Just Because Lights Are Easy to Remove Doesn’t Mean They’re Not Fixtures
What Happened: Nobody had any issue with the auto dealer’s removal of the “Ford” sign it had installed on the lot at its own expense and owned. But the tenant also took away six large light stands when its lease came to an end. The landlord claimed that the lights were fixtures and sued the tenant for breach of lease and “conversion” of property, since the tenant destroyed the lights after removing them. The tenant denied that the lights were fixtures. But the court disagreed and found the tenant guilty of waste. Result: It awarded the landlord treble damages of $46,200, or triple its $15,400 in actual damages.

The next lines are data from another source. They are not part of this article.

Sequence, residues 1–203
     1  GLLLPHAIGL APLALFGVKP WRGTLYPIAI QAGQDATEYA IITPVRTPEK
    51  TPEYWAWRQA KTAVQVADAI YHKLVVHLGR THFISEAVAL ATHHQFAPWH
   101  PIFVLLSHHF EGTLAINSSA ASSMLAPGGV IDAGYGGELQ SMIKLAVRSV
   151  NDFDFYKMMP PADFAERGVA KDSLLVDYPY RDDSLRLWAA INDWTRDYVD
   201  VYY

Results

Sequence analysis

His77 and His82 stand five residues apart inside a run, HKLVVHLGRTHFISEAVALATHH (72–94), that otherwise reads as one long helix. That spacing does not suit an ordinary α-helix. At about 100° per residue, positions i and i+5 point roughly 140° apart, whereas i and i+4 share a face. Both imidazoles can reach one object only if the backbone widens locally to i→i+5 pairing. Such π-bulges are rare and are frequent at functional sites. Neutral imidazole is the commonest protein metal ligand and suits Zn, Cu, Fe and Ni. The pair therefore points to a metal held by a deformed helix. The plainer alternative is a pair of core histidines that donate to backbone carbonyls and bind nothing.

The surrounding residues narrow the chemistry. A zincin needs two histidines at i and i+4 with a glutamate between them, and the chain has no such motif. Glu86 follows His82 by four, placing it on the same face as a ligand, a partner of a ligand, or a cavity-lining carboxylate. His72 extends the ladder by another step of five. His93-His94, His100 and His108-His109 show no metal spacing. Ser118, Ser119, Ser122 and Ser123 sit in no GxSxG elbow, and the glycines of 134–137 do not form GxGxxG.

Ruling: The Missouri appeals court upheld the award.
Reasoning: The evidence was clear that the landlord purchased the lights 20 years ago with the intent of making them a permanent part of the property. The lease language reaffirmed this. The tenant’s argument that the lights couldn’t have been fixtures since they were so easy to remove—a simple unbolting and cut of the wires was all it took—held no water. Ease of removal isn’t the test for determining whether something is a permanent fixture, the court explained.
- Bedford v. Audrain Cty. Motor Co., 2021 Mo. App. LEXIS 744, 2021 WL 3354286